In recognition of this fact, the New York State Education Department issued a Guidance Memo “strongly encouraging schools and school districts to allow those students who will age out of school the opportunity to return for summer school and, if necessary, attend school in the 2021-2022 school year, in order to complete their education and earn a diploma, credential, or endorsement.”  While this guidance is welcome, it does not compel districts to provide this opportunity and thus does not empower parents and students to demand it.  As well, it is unclear regarding students with the most severe intellectual and developmental disabilities, those designated to take the New York State Alternate Assessment who age out with the Skills and Achievement Commencement Credential (sometimes called the Skills Credential).  While such students are indeed working toward a credential as described in the guidance memo, the credential can be awarded at any time that the student exits the system and does not require specific criteria to be achieved.  Thus, while such students could surely benefit from the opportunity to make additional progress during the 2021-2022 school year, the lack of such opportunity would not prevent them from earning the Skills Credential.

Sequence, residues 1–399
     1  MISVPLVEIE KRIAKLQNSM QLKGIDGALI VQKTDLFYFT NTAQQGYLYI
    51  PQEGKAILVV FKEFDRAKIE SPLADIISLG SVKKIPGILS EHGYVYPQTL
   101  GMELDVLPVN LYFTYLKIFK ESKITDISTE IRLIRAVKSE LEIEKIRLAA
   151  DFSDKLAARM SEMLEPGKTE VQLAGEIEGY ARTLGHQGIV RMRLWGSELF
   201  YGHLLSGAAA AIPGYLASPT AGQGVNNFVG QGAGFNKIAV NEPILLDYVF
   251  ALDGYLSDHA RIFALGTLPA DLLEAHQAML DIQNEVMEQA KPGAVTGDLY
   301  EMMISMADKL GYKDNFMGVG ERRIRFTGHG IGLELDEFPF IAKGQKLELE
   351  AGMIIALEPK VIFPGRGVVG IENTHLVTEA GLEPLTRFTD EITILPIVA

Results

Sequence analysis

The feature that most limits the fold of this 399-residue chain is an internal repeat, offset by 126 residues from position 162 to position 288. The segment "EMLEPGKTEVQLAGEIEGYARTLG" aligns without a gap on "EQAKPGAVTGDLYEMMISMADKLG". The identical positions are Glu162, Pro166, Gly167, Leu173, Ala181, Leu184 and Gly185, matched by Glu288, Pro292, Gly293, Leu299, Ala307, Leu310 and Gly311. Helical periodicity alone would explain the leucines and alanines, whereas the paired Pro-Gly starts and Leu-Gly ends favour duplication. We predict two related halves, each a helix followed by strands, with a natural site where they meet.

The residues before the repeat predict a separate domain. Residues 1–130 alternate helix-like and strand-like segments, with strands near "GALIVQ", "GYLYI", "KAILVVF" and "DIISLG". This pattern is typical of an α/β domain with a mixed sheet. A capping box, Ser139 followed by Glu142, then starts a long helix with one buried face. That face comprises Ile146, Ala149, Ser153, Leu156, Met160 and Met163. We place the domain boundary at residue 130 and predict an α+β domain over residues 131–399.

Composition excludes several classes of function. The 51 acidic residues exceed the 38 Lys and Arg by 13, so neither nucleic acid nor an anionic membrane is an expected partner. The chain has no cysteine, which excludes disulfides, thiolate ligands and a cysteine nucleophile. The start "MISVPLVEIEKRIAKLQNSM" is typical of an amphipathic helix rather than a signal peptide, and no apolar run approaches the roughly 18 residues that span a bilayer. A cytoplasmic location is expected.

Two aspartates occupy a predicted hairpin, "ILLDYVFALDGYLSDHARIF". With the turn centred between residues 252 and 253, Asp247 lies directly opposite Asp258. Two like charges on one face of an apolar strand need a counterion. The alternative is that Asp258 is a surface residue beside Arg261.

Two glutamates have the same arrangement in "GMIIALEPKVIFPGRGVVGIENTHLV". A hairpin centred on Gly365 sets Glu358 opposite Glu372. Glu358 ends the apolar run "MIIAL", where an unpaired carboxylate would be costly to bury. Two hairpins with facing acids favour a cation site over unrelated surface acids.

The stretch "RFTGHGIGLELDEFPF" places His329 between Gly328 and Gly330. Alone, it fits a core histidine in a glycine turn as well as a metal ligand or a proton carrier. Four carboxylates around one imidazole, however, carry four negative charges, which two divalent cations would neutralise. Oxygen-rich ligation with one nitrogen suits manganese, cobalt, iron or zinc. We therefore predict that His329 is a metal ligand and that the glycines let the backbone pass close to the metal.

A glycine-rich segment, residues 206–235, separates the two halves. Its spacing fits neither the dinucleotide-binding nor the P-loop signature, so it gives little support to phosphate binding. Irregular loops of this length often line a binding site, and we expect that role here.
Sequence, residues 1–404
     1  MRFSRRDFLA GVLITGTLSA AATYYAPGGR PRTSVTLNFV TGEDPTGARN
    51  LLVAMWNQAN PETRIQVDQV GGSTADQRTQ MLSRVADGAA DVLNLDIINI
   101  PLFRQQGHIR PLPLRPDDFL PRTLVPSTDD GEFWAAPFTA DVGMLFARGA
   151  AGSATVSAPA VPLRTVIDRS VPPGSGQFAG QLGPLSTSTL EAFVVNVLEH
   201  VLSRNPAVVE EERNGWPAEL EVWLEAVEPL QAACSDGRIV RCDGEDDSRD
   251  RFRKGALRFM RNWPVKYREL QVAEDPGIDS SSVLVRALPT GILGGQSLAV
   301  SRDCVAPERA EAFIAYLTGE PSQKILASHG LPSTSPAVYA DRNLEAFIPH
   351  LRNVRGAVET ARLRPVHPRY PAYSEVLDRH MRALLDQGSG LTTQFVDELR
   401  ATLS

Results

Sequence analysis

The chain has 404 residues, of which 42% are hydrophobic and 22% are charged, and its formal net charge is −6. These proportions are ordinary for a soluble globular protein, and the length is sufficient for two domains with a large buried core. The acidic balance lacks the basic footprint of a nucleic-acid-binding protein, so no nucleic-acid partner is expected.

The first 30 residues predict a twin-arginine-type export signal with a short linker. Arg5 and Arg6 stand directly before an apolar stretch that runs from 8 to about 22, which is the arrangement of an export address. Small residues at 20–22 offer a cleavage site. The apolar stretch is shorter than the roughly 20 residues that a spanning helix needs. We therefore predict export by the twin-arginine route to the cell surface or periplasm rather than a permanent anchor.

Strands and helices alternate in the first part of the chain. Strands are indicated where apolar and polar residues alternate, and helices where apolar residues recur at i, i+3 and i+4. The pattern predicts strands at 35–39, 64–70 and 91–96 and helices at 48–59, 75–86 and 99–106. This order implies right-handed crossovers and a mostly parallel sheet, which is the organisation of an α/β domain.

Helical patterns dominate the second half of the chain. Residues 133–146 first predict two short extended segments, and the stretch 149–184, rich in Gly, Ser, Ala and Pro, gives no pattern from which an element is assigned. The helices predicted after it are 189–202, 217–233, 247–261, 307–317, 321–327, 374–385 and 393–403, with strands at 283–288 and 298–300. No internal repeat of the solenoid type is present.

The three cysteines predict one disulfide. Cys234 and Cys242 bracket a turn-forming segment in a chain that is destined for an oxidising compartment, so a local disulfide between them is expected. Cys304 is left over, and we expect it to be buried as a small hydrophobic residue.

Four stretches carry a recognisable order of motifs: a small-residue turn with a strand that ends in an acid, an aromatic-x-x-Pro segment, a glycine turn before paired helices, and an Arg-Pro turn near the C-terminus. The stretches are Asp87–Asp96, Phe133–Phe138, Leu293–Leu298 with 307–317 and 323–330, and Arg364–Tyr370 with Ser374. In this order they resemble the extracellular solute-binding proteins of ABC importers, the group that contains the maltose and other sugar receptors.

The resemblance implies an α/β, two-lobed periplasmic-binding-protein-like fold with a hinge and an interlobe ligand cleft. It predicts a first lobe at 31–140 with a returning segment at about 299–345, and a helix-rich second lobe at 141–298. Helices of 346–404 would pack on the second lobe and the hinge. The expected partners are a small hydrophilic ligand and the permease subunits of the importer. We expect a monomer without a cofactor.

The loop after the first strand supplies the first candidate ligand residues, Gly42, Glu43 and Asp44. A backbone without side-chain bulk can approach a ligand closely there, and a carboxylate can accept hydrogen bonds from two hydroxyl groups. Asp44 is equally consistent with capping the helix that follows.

Due to the impact of COVID-19 on students, Assembly member Tom Abinanti (D-92) has sponsored Bill A01201A, which would require school districts to provide supports and services to all students through the end of the 2021-2022 school year, through their 23rd birthday.  While it has many cosponsors, it has not been voted on in committee.  A companion Senate bill sponsored by Senator Pete Harckham (D-40) does not have any cosponsors.  Thus, it seems unlikely this will become law.

Some persuasive caselaw in Connecticut supports an interpretation of the IDEA that requires states to grant students with disabilities eligibility through their 22nd birthday.  In June 2020, a federal district court , in A.R. v. Connecticut State Board of Education, ruled that  Connecticut’s  decision to limit services to special education students only up to the year they turned 21 violated the Individuals with Disabilities Education Act. The court found that because Connecticut provides public education to non-disabled individuals over the age of 21 in the form of adult education and GED programs, it must offer something similar for special education students. This decision is only applicable to Connecticut, but the reasoning could equally apply in a future New York case.


The COVID-19 has disrupted education for every student and has created particular difficulties for many students with disabilities.  While it may be possible to extend eligibility for special education beyond the traditional age out at 21, it is not assured. Consult with a special education attorney if you have questions or are not sure of your child’s status.